If you had to pick the talk of all technology based conversations these days, you’d most likely end up talking about virtual reality or VR as it’s become known to many. The Call Up takes the entertaining act of immersing yourself into a virtual world to the extreme. Unlike the VR we’re all but coming to know, The Call Up allows people the chance to take this immersion even further through physical gameplay that is achieved through high-tech suits and environments. The players soon discover though, that this game they’re playing might not just be a game and that the only way they’ll get out of this prison is to fight their way through.
Any gamer will immediately find The Call Up intriguing, even more so right now. It’s no doubt viewers who don’t consider themselves gamers will find an interest in the movie but they might not appreciate it as much as those itching to see where video games will take us in the future. For myself, the thought of the level of immersion seen in The Call Up becoming a reality one day is both exciting and terrifying.
The only real narrative facts known to the viewers is that The Call Up is a competition and that the winner will receive $100,000. How the players were chosen we later find out, but at the beginning, they were chosen among random gamers. Whilst we talk about narrative, on one hand The Call Up has a clear narrative path from A to B to C e.g. complete all the levels and you win. On the other, it’s a story that lacked motive.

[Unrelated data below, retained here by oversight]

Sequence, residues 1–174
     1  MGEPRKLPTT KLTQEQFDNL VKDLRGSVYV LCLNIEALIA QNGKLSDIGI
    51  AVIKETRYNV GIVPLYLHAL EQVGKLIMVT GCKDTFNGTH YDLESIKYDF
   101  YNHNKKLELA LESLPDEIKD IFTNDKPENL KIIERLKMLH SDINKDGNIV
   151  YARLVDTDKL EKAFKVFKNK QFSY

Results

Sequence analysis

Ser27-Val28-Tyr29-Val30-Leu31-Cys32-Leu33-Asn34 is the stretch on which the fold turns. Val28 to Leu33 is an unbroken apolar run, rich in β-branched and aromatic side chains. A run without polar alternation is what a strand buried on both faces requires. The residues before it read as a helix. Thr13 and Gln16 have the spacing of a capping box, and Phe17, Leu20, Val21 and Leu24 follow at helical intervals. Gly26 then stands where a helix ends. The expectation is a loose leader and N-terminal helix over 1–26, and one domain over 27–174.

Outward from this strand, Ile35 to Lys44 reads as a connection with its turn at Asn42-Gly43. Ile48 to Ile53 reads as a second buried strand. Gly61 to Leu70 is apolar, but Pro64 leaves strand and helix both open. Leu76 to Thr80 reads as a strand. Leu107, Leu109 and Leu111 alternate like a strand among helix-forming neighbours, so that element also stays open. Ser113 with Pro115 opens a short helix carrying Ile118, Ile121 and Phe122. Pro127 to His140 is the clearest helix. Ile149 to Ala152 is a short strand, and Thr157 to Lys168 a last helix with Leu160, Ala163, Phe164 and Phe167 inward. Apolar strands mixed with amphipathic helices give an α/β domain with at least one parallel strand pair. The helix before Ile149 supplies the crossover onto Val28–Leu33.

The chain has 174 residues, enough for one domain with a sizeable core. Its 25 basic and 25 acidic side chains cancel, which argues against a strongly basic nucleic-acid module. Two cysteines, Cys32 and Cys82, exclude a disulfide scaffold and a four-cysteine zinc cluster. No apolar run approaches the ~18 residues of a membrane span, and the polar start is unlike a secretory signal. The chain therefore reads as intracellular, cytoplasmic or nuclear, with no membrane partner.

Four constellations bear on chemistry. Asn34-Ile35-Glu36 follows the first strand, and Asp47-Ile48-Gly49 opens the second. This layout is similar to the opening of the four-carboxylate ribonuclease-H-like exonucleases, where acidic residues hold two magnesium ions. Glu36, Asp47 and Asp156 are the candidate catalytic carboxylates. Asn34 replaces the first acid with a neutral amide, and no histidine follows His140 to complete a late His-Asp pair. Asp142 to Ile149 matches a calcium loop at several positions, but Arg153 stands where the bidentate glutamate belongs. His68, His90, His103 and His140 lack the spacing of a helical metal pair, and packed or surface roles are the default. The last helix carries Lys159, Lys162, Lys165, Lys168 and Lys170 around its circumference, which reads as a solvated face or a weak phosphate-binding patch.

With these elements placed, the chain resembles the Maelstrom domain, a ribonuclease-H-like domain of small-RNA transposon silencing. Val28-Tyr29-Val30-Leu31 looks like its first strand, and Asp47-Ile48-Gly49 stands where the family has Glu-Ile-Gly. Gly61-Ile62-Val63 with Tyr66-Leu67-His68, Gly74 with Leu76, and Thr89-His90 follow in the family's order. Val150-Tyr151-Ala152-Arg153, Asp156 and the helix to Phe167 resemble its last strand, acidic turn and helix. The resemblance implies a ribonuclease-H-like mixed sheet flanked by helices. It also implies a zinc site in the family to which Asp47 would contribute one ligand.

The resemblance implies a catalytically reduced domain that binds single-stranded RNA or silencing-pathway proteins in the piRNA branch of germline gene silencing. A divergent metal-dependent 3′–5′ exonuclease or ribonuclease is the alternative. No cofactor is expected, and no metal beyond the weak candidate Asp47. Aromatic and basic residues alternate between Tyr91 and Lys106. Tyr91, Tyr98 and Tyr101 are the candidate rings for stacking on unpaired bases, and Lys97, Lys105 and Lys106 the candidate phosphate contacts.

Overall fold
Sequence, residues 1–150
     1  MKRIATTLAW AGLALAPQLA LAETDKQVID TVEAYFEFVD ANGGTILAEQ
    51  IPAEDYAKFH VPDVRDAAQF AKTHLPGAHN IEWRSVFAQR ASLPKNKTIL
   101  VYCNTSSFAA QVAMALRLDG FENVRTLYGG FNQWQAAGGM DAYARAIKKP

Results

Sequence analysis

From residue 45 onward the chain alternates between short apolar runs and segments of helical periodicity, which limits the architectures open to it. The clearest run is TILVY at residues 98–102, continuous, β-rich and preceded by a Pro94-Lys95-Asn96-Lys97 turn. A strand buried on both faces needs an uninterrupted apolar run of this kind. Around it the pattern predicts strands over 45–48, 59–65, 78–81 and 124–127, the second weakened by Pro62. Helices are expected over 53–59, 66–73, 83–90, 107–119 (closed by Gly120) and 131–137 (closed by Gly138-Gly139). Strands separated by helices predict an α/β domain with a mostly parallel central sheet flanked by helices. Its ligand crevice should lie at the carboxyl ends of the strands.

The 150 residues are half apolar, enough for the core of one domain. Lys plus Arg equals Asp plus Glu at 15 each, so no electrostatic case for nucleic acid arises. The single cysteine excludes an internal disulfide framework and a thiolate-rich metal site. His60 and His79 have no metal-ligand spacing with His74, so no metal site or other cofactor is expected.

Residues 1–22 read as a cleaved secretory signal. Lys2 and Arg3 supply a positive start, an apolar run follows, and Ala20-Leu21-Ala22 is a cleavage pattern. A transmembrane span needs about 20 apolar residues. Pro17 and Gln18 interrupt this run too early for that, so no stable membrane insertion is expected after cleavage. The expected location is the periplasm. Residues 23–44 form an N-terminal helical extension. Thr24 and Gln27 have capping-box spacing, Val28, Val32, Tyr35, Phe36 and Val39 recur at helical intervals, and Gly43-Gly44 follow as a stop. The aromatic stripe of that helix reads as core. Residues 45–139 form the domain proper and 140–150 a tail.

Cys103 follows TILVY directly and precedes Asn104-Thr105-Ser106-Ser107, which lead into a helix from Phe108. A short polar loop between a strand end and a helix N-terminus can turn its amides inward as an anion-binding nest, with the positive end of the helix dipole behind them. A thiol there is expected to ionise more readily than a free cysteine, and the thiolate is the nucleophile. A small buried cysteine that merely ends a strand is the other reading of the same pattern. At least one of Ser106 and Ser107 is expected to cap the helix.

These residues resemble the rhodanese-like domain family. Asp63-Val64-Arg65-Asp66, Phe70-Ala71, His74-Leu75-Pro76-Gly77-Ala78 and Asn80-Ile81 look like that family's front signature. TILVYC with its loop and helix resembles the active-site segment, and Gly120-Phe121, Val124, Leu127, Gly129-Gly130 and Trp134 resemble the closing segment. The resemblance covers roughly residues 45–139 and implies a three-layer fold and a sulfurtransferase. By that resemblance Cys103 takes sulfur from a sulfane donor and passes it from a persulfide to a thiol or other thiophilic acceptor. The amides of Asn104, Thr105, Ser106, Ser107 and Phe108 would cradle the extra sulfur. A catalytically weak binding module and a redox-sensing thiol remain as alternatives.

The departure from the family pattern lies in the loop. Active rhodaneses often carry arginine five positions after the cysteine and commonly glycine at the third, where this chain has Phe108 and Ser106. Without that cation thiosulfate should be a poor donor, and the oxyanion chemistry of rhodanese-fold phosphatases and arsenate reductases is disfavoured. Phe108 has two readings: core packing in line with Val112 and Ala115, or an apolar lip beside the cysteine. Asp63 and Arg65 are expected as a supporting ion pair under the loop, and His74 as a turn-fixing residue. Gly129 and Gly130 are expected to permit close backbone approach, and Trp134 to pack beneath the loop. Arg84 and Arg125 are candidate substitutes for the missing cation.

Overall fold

I craved more knowledge and backstory to somehow understand why this event had been set up. What was the world outside the building like? How did no one else know what was going on in this seemingly obvious building in the middle of a city? Because of these absences, character development also felt straining. The cast of characters fitted the bill for a bunch of misfits or loners but didn’t have any individual ‘layers’ that made me care for the characters or form emotional connections.
The Call Up may be lacking in various areas but its knack for choosing a relevant genre and story-line will no doubt grant some sort of reception.
Year: 2016 (2016 DVD / Bluray Release)
Running Time: 90 MIN
Genre: Action, SciFi
Director: Charles Barker
Starring: Max Deacon, Morfydd Clark, Ali Cook
Production Studio: Red & Black Films, Stigma Films
Distributor: Altitude Film Distribution
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